I’ve been fascinated with Sylvia Plath since my college days in the early 1970s, when I first read her startling poems, “Lady Lazarus” and “Daddy,” in a lit class. Shortly thereafter, I read her novel, The Bell Jar, and her posthumous poetry collection, Ariel. I wrote my senior honors thesis about Plath, without knowing much about her except that the poems and the novel were highly autobiographical.
Plath was catching on like a rock star at that time, especially among young students. The novel had been released in 1963 in England, where she was living, shortly before her death by suicide. It had been turned down for publication in the United States, but a few bootlegged copies eventually arrived on these shores, and created a demand for it that the publishing industry couldn’t ignore.
Why did this story appeal to college students in particular? It’s the tale, thinly disguised as fiction, of Plath’s first suicide attempt when she was a scholarship student at Smith College. Many of us remember our college years as a time of self-discovery, but also great uncertainty and self-questioning. Even if we made the grade academically, we had plenty of reason to doubt that the job market would embrace our skills. Stable relationships were tough enough to develop and maintain during those four years, much less to carry into adult life. The Bell Jar captured all of these struggles and more.
Sylvia Plath seemed to have a compulsion to dramatize her life in minute detail, both in journals and in voluminous letters to her mother and many friends, boyfriends, and acquaintances. She supplemented these with scrapbooks and calendars. It’s as if she knew that her every passing thought would be parsed by scholars later. I am now reading The Letters of Sylvia Plath: Volume I, 1940-1956. (The second volume, covering the rest of her life, will be released in late 2018).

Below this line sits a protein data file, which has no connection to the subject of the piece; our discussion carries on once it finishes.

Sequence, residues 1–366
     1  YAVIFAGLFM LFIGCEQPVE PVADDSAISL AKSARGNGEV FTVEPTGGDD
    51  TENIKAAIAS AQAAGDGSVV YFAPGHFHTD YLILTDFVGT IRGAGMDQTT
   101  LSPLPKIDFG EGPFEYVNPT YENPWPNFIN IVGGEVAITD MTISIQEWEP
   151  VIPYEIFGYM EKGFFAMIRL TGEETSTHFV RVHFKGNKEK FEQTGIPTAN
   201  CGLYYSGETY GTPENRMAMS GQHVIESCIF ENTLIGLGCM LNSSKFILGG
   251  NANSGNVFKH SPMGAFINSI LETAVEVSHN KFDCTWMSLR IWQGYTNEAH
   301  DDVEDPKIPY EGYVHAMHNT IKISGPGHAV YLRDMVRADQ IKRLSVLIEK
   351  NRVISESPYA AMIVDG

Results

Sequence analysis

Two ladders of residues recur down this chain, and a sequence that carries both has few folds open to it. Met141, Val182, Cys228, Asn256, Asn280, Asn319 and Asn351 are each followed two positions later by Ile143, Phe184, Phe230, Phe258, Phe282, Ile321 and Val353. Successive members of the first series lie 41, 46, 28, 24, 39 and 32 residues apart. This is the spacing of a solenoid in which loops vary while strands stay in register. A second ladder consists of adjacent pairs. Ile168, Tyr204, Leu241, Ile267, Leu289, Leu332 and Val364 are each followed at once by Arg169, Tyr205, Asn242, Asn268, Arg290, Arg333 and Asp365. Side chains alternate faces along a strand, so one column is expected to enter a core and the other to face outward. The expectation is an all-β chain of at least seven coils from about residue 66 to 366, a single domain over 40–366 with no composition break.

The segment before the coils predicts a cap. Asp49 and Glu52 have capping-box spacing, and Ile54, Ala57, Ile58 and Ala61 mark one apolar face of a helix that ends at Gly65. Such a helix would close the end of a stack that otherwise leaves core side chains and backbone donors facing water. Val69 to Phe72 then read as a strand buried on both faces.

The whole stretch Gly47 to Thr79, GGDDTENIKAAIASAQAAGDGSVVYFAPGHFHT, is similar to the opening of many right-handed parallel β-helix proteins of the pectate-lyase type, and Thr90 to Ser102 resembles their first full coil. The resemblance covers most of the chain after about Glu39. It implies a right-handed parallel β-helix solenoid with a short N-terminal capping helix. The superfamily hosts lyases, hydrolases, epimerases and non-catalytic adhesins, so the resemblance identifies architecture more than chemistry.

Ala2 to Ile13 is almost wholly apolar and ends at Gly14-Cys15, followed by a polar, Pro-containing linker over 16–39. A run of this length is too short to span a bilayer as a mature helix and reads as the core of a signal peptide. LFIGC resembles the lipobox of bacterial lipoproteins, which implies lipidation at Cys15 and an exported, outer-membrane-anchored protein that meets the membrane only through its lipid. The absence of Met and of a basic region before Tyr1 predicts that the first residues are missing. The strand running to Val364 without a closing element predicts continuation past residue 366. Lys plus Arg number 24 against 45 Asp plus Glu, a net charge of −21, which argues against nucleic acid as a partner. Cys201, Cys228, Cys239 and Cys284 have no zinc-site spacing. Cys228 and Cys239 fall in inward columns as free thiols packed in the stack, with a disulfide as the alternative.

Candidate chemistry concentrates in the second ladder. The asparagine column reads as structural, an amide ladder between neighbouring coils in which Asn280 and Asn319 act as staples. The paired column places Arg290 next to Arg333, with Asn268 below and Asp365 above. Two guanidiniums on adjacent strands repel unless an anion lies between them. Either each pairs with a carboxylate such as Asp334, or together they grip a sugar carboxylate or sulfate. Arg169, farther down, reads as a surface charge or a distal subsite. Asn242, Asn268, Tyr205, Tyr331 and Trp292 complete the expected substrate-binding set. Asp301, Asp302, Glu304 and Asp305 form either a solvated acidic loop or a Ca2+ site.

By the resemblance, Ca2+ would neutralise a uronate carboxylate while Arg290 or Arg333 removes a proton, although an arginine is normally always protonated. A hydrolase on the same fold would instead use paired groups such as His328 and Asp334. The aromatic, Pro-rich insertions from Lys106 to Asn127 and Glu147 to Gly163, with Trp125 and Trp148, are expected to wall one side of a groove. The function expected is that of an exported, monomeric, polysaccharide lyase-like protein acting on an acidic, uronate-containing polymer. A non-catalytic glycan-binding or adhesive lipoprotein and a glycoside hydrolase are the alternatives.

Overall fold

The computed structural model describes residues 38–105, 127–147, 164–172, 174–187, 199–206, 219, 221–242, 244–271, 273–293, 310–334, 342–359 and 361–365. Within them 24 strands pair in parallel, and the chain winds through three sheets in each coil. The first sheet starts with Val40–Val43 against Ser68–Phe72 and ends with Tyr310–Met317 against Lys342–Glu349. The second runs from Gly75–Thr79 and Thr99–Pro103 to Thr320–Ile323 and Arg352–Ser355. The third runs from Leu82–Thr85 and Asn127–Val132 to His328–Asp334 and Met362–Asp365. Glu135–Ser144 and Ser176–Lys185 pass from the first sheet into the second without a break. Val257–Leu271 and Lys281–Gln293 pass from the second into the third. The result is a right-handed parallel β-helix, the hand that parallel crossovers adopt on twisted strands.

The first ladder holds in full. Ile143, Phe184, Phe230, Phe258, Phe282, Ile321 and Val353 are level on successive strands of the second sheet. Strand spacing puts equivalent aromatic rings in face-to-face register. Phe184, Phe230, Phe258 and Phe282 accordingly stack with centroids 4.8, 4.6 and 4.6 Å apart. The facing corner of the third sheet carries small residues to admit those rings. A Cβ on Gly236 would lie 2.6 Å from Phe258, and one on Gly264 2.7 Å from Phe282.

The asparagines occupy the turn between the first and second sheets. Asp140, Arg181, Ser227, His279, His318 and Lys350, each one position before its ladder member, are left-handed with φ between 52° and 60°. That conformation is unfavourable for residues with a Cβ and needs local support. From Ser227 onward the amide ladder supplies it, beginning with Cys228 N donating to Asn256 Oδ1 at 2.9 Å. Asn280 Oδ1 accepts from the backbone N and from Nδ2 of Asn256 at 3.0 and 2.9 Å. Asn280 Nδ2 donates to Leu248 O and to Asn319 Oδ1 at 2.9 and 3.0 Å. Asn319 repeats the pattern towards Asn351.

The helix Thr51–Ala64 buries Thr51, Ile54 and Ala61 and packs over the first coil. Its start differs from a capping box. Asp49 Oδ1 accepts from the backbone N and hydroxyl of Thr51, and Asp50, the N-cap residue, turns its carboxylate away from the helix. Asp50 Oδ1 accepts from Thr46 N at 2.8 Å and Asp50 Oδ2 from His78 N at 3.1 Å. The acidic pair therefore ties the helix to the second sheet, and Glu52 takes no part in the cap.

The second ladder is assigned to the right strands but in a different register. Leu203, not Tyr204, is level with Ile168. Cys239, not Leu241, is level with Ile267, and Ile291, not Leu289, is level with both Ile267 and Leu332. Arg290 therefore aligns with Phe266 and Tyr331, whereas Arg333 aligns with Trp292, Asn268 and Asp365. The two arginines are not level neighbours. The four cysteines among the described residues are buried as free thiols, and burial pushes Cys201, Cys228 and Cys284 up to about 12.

It’s a humongous book, almost too heavy to hold. It makes you wonder how she found the time to write so much, although she evidently wrote these letters fast, without stopping to edit. The book even preserves her hasty mistakes. She did all this self-chronicling while carrying heavy academic loads and many extra-curricular activities at college. Her summer jobs were strenuous as well. She felt compelled to get straight As, or close to it, in order to justify the generous scholarship help she received. Her dating life was active, almost frenetic. She had a habit of forming intense attachments to both men and women, which often ended in disillusionment. Of course, she took her revenge by expropriating many of these relationships for fictional and poetic purposes.
Plath’s journals reveal more of her inner life than the letters, which mostly present the face she wanted to show to the world. On the surface, she was a busy, happy young woman, blessed with intelligence, good looks, and plenty of male attention. She suffered many rejections for her writing, but managed to get a fair number of acceptances, enough to build quite an impressive publication record for someone of her tender years. Also artistically gifted, she illustrated many of her letters. She had a talent for color and design, as demonstrated by her exact descriptions of clothes and her knowledge of fashion. She dressed as tastefully as her limited budget would allow.